1323 Tasting Notes

drank Zheng Shan Xiao Zhong by Unknown
1323 tasting notes


Here’s another one from Spoonvonstrup. Presumably this is also a type of Lapsang Souchong, because when I looked the name up in the Steepster database, lots of LS suggestions came up.

Now, this one also smells a little Yunnan-y, like those last two samples of JJM, but it’s not as strong in this one. There is the honey-y note to it and quite a fair bit of grain, but I’m not finding more than a smattering of the hay-y note. It’s that hay in particular that I tend to find less interesting in Yunnans. It does have a bit of a cocoa-y note to it, though, which reminds me of those black tea pearls.

As for the flavour, it’s a bit like that JJM from yesterday. It’s got a two-step flavour profile with first something extremely milky tasting and then pepper-y, smoky notes showing up later. This one is less of a punch in the face though, the second step flavours gradually taking over the first step. I like that.

It also still isn’t exhibiting any of that very Yunnan-y hay-y notes. A little bit perhaps, but not to any large degree at all. What is there of it, I find to be a tolerable level as it isn’t overshadowing everything else. As long as it’s not the primary flavour, I can deal with it. Unfortunately with Yunnans, it does tend to be the primary flavour more often than not.

The aroma also spoke of grain and a smidge of cocoa, and while I do find some grain in this, I can’t locate any of the cocoa. Oh well. I think for my particular tastes, grain would be more important anyway. I consider cocoa to be more of a top note and I really like it when a black tea has a good substatial grainy element to it.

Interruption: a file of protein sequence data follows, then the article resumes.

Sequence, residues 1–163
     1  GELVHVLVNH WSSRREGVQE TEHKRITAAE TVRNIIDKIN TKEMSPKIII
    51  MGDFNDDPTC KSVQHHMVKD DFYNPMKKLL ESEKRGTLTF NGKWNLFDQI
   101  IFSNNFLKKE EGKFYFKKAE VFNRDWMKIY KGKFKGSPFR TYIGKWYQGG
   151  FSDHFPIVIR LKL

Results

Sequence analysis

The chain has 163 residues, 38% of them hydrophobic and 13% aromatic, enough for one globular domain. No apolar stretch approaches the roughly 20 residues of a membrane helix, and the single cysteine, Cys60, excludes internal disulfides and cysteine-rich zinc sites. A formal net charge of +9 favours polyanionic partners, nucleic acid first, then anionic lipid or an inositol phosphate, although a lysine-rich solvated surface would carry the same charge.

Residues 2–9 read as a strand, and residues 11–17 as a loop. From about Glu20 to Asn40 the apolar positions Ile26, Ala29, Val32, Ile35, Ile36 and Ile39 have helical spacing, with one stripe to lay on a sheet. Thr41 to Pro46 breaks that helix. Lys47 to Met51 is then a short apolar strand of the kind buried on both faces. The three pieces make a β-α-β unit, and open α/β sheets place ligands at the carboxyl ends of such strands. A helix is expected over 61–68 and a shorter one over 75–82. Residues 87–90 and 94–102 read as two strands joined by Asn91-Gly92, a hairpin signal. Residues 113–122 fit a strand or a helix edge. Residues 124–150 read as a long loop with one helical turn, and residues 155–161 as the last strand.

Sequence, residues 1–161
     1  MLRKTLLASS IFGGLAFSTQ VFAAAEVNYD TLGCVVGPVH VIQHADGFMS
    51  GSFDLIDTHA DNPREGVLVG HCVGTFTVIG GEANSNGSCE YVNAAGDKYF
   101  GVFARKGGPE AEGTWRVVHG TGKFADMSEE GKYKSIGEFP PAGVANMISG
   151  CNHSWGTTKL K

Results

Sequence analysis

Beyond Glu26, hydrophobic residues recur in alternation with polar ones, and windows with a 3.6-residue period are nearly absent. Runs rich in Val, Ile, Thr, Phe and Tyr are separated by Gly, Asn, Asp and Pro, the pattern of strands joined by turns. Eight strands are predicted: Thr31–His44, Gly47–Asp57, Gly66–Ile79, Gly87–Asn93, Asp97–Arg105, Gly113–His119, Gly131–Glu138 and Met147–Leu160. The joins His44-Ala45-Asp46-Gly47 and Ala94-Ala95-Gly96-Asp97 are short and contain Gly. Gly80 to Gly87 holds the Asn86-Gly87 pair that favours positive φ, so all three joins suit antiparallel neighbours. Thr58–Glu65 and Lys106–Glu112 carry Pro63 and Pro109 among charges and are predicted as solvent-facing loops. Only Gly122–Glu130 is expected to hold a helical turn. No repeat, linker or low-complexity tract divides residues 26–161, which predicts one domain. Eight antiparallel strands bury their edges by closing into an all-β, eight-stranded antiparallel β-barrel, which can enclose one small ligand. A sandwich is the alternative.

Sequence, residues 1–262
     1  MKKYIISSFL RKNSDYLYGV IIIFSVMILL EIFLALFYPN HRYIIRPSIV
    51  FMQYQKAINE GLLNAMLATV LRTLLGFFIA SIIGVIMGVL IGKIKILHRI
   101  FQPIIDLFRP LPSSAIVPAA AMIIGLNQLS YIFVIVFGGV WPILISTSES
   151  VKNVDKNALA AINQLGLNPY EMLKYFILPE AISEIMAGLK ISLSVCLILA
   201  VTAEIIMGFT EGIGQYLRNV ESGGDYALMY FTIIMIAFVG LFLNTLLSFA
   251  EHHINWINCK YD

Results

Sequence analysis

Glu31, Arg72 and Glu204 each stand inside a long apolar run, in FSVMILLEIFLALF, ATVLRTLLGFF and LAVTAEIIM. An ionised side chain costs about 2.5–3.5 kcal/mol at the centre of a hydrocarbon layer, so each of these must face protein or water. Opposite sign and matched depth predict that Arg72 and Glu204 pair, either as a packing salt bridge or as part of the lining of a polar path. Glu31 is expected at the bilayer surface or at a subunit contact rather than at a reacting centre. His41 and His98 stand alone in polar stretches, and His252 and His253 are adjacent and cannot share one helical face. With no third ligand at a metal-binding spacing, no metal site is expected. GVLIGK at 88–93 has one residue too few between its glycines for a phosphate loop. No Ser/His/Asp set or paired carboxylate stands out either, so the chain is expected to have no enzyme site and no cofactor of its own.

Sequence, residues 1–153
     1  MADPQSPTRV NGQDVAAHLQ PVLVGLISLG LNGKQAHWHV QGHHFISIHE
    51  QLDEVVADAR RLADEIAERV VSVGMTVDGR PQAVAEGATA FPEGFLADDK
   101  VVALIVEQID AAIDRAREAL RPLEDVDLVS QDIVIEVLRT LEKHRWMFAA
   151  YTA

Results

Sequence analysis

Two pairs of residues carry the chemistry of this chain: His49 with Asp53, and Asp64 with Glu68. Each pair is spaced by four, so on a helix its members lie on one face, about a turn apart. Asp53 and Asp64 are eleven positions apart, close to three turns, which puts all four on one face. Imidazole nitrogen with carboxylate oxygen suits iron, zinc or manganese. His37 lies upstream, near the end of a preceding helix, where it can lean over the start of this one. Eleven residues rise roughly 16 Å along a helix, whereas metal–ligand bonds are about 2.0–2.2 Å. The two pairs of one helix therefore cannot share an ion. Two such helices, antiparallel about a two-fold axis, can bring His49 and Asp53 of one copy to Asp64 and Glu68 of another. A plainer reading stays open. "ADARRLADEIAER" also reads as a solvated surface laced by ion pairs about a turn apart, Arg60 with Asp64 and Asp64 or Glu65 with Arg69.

All in all, I’m finding this one quite enjoyable!

Login or sign up to leave a comment.



Another JJM from Spoonvonstrup, this one with a brand name. Like the last one I had, this one is a Yunnan one, so I’ll be honest and say I’m nursing any great expectations, considering the regional differences I noticed between the last one and the others.

Now, before we go on, I should point out that the cup had started to cool a bit by the time I started it. See the boyfriend made it for me, and then I got distracted by Luna who purred so prettily. It’s still warm though, now that I’ve torn myself away from the furry purry cuteness.

The aroma has that strong honey-y note that the last one had as well, supporting the Yunnan origin theory of the last one. This one also has a modicum of grain, though, which the last one didn’t so that’s a plus point, definitely.

The flavour is a two-step one. First it’s one thing, and then it completely changes character and becomes something else. Here we have first a milky and slightly honey sweet phase, and then there is the second step with a pepper-y smoky sort of note. That second step is strong. With the mildness of the first step, it feels like being ambushed when the second step kicks in. Towards the end of the sip, the second step lights up a bit, revealing a slightly grainy note underneath, but it’s not much. Or, it’s not enough that it truly comes through the pepper-y smoke.

Several people have mentioned associations to bread with this one, and I’m sorry to say I really can’t see that. In the veeeeeeery beginning of the first step of the flavour maybe but not so much that I’m really convinced. To me that comes in more as tasting like the tea has had milk added to it.